“We’ve collaborated with a lot of artists that the bigwigs will recognize,” says Okaine, an alumnus of Triple J. “Which brings an extra layer to the parent.”

These artists include Ball Park Music’s Sam Cromack, Art vs. Science and Peking Duck. The subject matter they explore ranges from the excellent inclusive anthem Love Is Love (Rainbow Family) to the ridiculously sad spaghetti, written from the point of view of a single leftover strand of pasta. It lifts straight out of the millennial parent’s playbook.

Diver is the love of the city.

And indeed, the kid music scene in Australia suddenly seems to be full of artists who made it big to make music for adults, become parents and then pivot. Old-school ’90s dance/rock favorite reggaetor has offered the Pogogo Show for kids, combining songs from one of their NSFW classics into a kid-friendly song like I Sucked a Lollipop to Get Where I Am, among other tracks. together Mr. Batto, The Little Stevies – hardly a household name in its former life as a folk costume – have had more success than ever since rebranding kids’ favorite Tiny Stevies.

As far as the Wiggles are concerned, they are playing the game upside down; The skeevy-clad icons have harnessed a second wave of success through more than 18 gigs and a Tame Impala cover, which crowned them the potential winners of this year’s Triple J Hottest 100.

If there’s any winning formula for making successful music for kids in this country, it’s Paul Field who helped shape it. “A major factor is that you have to see things through the eyes of a child,” he says.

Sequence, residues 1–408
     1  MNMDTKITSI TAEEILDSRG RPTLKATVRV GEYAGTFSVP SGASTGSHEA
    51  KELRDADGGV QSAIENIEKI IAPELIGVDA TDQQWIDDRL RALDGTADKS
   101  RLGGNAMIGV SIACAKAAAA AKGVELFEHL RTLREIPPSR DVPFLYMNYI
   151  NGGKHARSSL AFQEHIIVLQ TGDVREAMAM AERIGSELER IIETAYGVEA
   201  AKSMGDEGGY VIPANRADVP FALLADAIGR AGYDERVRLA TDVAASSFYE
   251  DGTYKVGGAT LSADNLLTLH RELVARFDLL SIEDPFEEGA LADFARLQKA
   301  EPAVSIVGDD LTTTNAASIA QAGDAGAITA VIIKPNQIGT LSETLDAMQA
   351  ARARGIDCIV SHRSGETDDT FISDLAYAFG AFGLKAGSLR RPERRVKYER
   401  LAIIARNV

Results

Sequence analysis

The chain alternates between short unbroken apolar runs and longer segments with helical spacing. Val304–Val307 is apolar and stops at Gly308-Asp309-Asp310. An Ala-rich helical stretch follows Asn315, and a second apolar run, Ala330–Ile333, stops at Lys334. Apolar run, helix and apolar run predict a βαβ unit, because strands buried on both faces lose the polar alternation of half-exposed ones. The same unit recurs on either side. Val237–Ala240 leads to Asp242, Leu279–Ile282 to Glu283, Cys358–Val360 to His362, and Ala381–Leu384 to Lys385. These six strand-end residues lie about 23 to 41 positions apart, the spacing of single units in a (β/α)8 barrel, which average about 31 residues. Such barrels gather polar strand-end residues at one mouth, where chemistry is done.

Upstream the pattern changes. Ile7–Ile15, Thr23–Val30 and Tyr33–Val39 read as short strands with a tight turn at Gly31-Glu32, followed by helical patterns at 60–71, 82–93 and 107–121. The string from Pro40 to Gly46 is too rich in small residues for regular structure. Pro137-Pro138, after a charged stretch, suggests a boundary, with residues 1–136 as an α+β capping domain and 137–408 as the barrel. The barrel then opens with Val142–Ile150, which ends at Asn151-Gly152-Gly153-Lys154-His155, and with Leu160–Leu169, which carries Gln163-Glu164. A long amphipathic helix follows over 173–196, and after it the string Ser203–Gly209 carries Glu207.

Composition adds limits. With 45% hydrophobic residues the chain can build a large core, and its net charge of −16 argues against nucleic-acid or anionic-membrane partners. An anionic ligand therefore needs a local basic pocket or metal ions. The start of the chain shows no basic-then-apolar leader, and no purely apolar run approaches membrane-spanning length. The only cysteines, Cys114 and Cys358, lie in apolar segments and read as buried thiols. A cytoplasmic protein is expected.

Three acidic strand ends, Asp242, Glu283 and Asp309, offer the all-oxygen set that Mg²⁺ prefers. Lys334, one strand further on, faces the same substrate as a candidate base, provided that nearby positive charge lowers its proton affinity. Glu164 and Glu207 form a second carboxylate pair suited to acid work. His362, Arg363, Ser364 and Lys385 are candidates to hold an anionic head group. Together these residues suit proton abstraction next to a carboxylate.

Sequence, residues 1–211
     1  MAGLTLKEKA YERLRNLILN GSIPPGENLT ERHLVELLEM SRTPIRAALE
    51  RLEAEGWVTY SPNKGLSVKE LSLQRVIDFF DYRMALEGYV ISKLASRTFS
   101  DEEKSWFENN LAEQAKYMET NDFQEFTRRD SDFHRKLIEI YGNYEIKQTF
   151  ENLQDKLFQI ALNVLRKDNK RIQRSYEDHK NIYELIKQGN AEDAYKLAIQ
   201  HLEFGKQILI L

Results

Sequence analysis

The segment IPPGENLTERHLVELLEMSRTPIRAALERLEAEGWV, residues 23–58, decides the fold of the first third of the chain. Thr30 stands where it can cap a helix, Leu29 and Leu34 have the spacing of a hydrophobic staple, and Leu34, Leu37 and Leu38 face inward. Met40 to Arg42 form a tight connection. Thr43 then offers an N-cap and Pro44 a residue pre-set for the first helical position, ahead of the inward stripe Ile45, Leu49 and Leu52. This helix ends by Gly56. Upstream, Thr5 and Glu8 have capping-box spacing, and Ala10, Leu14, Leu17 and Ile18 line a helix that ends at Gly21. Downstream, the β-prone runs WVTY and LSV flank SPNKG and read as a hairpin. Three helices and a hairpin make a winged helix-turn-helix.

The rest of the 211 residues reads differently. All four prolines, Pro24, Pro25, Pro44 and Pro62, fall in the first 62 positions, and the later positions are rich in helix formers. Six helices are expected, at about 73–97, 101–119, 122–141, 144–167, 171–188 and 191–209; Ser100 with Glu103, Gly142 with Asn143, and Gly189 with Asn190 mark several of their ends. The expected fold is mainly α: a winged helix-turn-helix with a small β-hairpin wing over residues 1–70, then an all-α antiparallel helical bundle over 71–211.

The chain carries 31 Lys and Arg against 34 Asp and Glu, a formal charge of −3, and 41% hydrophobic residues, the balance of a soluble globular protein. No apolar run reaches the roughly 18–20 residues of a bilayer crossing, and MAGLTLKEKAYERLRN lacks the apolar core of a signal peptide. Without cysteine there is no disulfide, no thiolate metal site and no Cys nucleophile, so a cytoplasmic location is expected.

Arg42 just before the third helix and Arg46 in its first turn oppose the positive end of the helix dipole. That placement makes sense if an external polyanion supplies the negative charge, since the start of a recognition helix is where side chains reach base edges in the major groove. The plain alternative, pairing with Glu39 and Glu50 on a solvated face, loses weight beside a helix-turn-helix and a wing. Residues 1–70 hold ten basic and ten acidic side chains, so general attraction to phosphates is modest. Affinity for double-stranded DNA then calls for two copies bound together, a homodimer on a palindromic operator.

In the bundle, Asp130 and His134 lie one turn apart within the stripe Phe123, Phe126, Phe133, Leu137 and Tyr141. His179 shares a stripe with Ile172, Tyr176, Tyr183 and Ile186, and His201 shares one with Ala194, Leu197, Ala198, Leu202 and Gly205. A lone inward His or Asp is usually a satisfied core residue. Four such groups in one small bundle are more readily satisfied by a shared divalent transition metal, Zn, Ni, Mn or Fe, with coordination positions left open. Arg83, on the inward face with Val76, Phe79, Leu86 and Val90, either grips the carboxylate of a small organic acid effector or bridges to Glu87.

“It’s not always easy, as our audience ranges from pre-verbal to kindergarten and beyond, so you want to create something that appeals to all levels of cognition.”

The Boss of My Own Body by Tiny Tiny Stevie.

But looking through children’s eyes, taking care not to hurt adults’ ears has another benefit, he says: the potential for more airtime. “In the world of early childhood … it’s the individual recommendations that really carry the weight.”

There are very few people in Australia who are more trusted than Zoe Foster Blake, skincare entrepreneur, author and mom, to make such precise recommendations. A prolific curator of Cool Stuff — her blog Zothese once crashed under a load of traffic from her posts about baby products she uses and loves — is one of playlist creation on Spotify.

“I get excellent feedback from parents,” she says of her playlist hobbies. “I think as parents we’re all just snooping around for new ideas; we’ll try anything.”

In the Foster Blake household, music is an important pillar of family life and her playlists are reflected in such names as “Hey Kids, Calm Down”, “Kids in the Car” and “Morning with the Kids”.

Sign up to receive Guardian Australia’s weekend culture and lifestyle emails.

“Good music is good music,” she says. “The Wiggles and Queen both have songs the whole family can enjoy; I take great pleasure in finding and matching them.”

Field’s Peachy Keen includes many of the more traditional early childhood themes you might expect. Numerical repetitions in Jump Like a Froggy Doo and Ten Koala have gross motor incentives, while Tummy Time, a track tragically close to the heart of the field, promotes safe sleep practices when the father of five gave his daughter Bernadette in 1988. I was lost in SIDS.

He doesn’t shy away from the simplicity of some of these tracks, arguing that “it’s really wonderful, because, as we all know, in the world of childhood, everything is new. So, two adults who are ordinary or ordinary.” It may seem, he is actually magic for kids.”

School and daycare drop-off complete, with full autonomy on the car stereo once again, I have to admit, the field is right. One of the most popular songs from Animal Songs, Deserves ten puppies, so cute! Playing: A jazzy Winehouse-esque vocal over a sexy Spanish guitar riff. I’m going to keep this on my mind for the rest of the day, and I’m fine with that.

Author: Admin

Leave a Reply

Your email address will not be published.